madhusree singh said…
This was a fascinating discussion. AAOx3 is completely uninformative& the time ought to be spent doing something more useful.
Andrew Kamell said…
While I agree about the orientation to person, I strongly disagree with the remainder. The majority of patients with hypoactive delirium are unrecognized and untreated. They can fake simple conversation, but when pushed will tell you that it is 1956 and make up a location. While orientation is not 100% sensitive and not at all specific to delirium (and yes, orientation to self can be assumed) it is a very simple, fast screening tool that (unless you have a better suggestion) is essential for ruling out one of the most serious and underdiagnosed conditions for the elderly. Oriented x 4 (including situation) helps even further, with much of the information needed to determine capacity, another critical assessment.
If you change this post to "a vote for orientation to self," fine. As stated, unless you propose a faster, more accurate screening, I believe this claim is outright harmful.
Minerva said…
Showing my age maybe, but in my day it was "Oriented to TPP". Actually, these days in Australia, the best test of orientation is whether the patient can correctly state the name of one person, that of our Prime Minister. We have had a few lately.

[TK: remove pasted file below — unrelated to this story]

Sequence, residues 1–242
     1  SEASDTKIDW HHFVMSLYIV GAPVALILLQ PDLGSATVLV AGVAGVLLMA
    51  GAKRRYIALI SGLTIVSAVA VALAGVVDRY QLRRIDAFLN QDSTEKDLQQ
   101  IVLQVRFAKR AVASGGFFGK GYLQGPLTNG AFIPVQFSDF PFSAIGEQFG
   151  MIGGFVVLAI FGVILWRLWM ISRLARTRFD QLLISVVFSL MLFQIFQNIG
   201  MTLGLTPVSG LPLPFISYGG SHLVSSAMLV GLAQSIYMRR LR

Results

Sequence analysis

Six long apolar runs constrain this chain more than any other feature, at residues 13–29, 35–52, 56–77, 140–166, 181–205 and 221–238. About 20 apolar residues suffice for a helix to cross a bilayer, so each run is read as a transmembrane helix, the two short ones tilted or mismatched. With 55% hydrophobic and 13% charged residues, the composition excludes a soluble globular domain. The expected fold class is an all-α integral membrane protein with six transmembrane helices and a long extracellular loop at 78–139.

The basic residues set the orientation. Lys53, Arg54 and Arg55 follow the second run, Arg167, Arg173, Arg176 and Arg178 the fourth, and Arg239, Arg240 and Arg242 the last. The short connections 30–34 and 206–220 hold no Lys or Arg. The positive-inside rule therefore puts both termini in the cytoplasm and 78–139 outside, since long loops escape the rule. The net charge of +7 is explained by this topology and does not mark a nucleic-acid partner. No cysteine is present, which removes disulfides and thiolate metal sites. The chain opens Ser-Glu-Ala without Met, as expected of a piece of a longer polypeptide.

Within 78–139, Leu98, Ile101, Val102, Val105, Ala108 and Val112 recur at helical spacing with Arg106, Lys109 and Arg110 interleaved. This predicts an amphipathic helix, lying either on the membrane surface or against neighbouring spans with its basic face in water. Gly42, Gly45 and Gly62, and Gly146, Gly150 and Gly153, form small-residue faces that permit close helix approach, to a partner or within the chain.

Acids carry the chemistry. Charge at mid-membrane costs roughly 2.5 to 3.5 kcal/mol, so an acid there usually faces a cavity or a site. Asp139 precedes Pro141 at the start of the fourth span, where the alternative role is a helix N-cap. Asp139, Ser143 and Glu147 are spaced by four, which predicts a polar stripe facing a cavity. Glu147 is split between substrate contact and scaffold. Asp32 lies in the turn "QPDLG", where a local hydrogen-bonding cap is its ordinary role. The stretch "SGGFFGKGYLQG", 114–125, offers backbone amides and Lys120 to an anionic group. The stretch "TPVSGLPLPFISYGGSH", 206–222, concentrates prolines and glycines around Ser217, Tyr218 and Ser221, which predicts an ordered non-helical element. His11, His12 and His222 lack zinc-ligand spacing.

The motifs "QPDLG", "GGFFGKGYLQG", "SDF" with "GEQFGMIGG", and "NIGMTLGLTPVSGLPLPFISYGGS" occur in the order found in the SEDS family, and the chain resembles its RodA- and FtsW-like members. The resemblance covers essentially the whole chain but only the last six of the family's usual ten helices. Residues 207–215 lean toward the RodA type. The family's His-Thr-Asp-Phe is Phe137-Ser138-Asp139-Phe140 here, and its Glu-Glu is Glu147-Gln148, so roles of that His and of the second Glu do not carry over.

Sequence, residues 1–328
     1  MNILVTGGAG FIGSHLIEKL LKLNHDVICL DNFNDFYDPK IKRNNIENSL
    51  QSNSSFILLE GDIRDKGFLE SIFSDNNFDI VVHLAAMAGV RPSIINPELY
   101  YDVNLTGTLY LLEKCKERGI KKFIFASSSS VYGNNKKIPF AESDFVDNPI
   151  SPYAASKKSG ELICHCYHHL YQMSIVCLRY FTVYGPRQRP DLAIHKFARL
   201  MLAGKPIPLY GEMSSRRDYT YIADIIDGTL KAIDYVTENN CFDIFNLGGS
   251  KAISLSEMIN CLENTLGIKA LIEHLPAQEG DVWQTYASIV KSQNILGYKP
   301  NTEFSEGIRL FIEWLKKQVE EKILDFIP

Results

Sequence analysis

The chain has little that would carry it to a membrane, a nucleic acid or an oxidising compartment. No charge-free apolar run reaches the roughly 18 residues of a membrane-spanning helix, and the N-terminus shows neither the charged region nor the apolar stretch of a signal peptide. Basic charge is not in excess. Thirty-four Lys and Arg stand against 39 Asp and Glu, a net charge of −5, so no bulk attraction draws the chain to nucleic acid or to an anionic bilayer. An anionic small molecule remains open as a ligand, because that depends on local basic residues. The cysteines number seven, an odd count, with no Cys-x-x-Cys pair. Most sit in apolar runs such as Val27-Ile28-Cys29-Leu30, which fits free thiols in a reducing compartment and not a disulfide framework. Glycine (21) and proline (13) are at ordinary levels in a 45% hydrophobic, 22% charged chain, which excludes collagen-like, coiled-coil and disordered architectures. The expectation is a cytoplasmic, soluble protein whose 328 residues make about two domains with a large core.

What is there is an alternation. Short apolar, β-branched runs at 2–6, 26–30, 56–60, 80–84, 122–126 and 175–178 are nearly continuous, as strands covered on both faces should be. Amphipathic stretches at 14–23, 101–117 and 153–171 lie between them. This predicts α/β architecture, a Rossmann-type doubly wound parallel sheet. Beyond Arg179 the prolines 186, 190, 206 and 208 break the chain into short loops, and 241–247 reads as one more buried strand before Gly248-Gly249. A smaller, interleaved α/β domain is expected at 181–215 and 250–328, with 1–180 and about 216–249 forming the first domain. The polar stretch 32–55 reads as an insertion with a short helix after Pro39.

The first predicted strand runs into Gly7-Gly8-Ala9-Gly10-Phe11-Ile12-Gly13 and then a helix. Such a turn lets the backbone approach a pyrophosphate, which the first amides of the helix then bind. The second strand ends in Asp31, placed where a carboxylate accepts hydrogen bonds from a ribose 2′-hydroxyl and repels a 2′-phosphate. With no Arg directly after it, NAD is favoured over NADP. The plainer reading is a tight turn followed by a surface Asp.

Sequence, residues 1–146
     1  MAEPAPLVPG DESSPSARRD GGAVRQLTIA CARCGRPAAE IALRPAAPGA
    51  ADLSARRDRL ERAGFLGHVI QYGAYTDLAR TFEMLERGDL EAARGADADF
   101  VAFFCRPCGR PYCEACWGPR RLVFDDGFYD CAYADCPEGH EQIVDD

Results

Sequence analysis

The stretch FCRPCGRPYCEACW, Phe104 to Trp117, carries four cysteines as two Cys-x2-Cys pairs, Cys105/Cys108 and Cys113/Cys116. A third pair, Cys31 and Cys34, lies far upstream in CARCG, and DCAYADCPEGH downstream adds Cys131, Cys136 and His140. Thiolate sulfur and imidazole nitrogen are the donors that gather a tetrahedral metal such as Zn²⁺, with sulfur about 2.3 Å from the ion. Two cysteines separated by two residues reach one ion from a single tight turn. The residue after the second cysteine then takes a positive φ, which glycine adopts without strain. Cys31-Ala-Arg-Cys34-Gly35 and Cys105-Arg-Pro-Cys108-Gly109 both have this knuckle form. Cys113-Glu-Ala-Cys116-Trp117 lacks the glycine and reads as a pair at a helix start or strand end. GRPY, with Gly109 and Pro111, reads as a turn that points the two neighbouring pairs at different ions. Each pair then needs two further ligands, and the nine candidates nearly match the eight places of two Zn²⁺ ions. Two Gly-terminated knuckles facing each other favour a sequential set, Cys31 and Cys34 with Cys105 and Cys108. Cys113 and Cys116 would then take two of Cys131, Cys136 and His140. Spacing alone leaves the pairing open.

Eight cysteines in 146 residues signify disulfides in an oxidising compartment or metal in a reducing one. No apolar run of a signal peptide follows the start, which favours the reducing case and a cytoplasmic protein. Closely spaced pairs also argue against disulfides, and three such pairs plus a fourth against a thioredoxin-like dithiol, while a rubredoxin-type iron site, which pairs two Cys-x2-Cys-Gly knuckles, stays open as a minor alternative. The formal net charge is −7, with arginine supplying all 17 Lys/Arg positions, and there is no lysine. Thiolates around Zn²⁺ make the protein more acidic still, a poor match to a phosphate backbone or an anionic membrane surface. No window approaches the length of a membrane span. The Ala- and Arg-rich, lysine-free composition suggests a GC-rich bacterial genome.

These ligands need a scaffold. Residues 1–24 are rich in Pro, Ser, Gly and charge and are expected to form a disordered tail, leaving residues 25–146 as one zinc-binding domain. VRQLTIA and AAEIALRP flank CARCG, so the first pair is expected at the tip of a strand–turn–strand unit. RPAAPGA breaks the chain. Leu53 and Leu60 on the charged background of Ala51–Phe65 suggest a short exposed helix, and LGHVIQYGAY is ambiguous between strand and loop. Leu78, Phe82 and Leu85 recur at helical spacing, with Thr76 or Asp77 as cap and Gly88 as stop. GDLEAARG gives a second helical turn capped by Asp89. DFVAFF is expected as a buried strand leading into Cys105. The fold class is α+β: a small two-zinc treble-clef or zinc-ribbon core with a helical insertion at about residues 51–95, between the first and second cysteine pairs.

Popular posts from this blog

Lost in Translation: Google’s Translation of Palliative Care to ‘Do-Nothing Care’

by: Cynthia X. Pan, MD, FACP, AGSF (@Cxpan5X)

My colleagues often ask me: “Why are Chinese patients so resistant to hospice and palliative care?” “Why are they so unrealistic?” “Don’t they understand that death is part of life?” “Is it true that with Chinese patients you cannot discuss advance directives?”

As a Chinese speaking geriatrician and palliative care physician practicing in Flushing, NY, I have cared for countless Chinese patients with serious illnesses or at end of life.  Invariably, when Chinese patients or families see me, they ask me if I speak Chinese. When I reply “I do” in Mandarin, the relief and instant trust I see on their faces make my day meaningful and worthwhile.